Young Tiger Puts Its Hunting Skills to the Test and Claims Its First Victory

Written by Sharon Parry
Updated: October 21, 2023
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Key Points

  • A tiger cub is learning to hunt by observing its mother’s body language and practicing on a partially throttled deer.
  • Tigers are carnivores and prefer to hunt large ungulates, but will opportunistically prey on other animals as well.
  • Tigers use a combination of concealment, stalking, and a sudden rush to capture their prey, and may use a bite to the back of the neck or a throttle bite to kill it.
  • The kill rate for tigers can be as low as one in 12 attempts.

This tiger cub is a novice hunter but we all have to start somewhere! He is beginning to understand his mother’s body language when she detects that prey is nearby. She has a look of complete concentration because she has a target in her sights. This incredible footage was captured in India, as a tigress ambushes and stuns a samba deer. Though she partially throttles the deer, she does not completely kill it. She uses it to allow her cub to hone his own killer skills. He makes a good start at learning the throttle hold. Whilst this may seem very cruel, it is a vital part of a predator’s learning curve. Scroll down to see the full footage of this crucial life lesson.

What Do Tigers Normally Eat?

Tigers are carnivores and obligate meat eaters so they consume very little if any plant material. Their preferred prey are large ungulates. This could be large bovids such as antelope, wild cattle and water buffalo or large cervids such as deer. They also hunt wild pigs.  

However, the tiger is also an opportunist and if they get the chance to take a primate, reptile, bird, amphibian, fish, or even an invertebrate it will do so. Tigers have been seen taking young elephant and rhinoceros calves, but know better than to tackle an adult!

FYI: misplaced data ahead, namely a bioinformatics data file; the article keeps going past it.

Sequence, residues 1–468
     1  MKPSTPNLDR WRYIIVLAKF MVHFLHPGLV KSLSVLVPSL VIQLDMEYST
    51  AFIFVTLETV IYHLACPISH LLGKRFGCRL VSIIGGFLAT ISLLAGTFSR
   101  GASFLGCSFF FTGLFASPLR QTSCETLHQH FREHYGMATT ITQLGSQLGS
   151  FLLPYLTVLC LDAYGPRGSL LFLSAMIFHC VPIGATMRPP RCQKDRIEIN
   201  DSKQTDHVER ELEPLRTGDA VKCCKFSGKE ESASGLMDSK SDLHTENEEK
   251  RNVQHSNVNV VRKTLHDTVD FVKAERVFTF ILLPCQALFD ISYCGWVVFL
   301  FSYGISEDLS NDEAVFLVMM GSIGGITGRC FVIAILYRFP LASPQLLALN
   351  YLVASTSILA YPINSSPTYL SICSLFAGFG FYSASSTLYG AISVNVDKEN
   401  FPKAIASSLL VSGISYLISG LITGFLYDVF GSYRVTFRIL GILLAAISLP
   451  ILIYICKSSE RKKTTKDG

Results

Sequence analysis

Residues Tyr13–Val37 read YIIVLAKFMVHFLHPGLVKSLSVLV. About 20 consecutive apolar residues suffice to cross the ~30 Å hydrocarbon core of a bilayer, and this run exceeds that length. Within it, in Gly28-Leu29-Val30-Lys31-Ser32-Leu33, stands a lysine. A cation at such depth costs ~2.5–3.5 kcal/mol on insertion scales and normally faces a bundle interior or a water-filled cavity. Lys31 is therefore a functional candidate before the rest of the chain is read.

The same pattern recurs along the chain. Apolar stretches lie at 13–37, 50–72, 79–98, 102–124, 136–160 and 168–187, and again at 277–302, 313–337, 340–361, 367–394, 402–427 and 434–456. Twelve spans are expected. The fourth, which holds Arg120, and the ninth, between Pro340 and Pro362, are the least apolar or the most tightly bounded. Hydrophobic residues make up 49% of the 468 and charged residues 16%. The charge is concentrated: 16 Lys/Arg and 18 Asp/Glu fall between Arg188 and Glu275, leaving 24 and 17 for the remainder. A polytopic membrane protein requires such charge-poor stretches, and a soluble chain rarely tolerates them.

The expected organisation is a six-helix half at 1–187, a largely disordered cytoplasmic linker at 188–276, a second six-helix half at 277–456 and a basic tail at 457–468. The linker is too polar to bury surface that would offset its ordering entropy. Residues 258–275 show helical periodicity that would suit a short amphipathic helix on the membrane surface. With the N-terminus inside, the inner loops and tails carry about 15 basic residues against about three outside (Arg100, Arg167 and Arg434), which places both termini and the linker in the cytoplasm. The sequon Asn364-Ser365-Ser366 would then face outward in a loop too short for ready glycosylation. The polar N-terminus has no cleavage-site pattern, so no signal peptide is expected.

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Royal Bengal Tiger with Cub

Tiger cubs must learn how to be excellent hunters.

©Anuradha Marwah/

What Hunting Technique Do Tigers Use?

This tiger cub is receiving an important lesson in how to hunt and kill prey. Even though tigers are excellent hunters, their kill rate can be as low as one in 12 attempts. They are solitary stalk and ambush hunters, with three elements to the hunting technique. These are concealment, stalking, and a sudden rush.

Once the prey has been captured, they may kill it with a bite to the back of the neck. This is useful for smaller pray – the tiger inserts their canine tooth between the neck vertebrae. The bones are forced apart and the spinal cord is broken. This will not work on larger prey because the tooth will not reach the vertebra. Instead, they use a strangulation or throttle bite. This is highly effective on animals that have thick manes or well-muscled necks. It crushes the trachea (wind pipe) and therefore cuts off the animal’s air supply. As we see in this clip, younger tigers who are not used to hunting may also use this technique on smaller prey. First, however, they need to perfect their technique!

Watch the Fascinating Clip Below

Summary Table

Key InformationDetails
Tiger’s DietCarnivores and obligate meat eaters. Prefer large ungulates such as antelope, wild cattle, water buffalo, or large cervids such as deer. Also hunt wild pigs and other animals if opportunity arises.
Hunting TechniqueSolitary stalk and ambush hunters. Techniques include concealment, stalking, and a sudden rush. Kill prey with a bite to the back of the neck or a strangulation or throttle bite.
Success RateCan be as low as one in 12 attempts.

The photo featured at the top of this post is © Sourabh Bharti/

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About the Author

Dr Sharon Parry is a writer at A-Z animals where her primary focus is on dogs, animal behavior, and research. Sharon holds a PhD from Leeds University, UK which she earned in 1998 and has been working as a science writer for the last 15 years. A resident of Wales, UK, Sharon loves taking care of her spaniel named Dexter and hiking around coastlines and mountains.

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